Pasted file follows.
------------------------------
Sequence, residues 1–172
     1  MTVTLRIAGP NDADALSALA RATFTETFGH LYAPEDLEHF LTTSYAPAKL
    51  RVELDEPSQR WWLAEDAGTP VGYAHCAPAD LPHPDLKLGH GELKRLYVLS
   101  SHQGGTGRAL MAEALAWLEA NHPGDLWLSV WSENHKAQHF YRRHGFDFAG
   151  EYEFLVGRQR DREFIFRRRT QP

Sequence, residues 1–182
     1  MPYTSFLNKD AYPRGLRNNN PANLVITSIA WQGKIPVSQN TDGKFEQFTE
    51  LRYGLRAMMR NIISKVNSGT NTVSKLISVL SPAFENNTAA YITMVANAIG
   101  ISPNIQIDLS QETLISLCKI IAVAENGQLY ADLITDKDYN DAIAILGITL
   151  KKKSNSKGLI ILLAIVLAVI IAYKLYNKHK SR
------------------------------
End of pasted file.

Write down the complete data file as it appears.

Sequence, residues 1–172
     1  MTVTLRIAGP NDADALSALA RATFTETFGH LYAPEDLEHF LTTSYAPAKL
    51  RVELDEPSQR WWLAEDAGTP VGYAHCAPAD LPHPDLKLGH GELKRLYVLS
   101  SHQGGTGRAL MAEALAWLEA NHPGDLWLSV WSENHKAQHF YRRHGFDFAG
   151  EYEFLVGRQR DREFIFRRRT QP

Sequence, residues 1–182
     1  MPYTSFLNKD AYPRGLRNNN PANLVITSIA WQGKIPVSQN TDGKFEQFTE
    51  LRYGLRAMMR NIISKVNSGT NTVSKLISVL SPAFENNTAA YITMVANAIG
   101  ISPNIQIDLS QETLISLCKI IAVAENGQLY ADLITDKDYN DAIAILGITL
   151  KKKSNSKGLI ILLAIVLAVI IAYKLYNKHK SR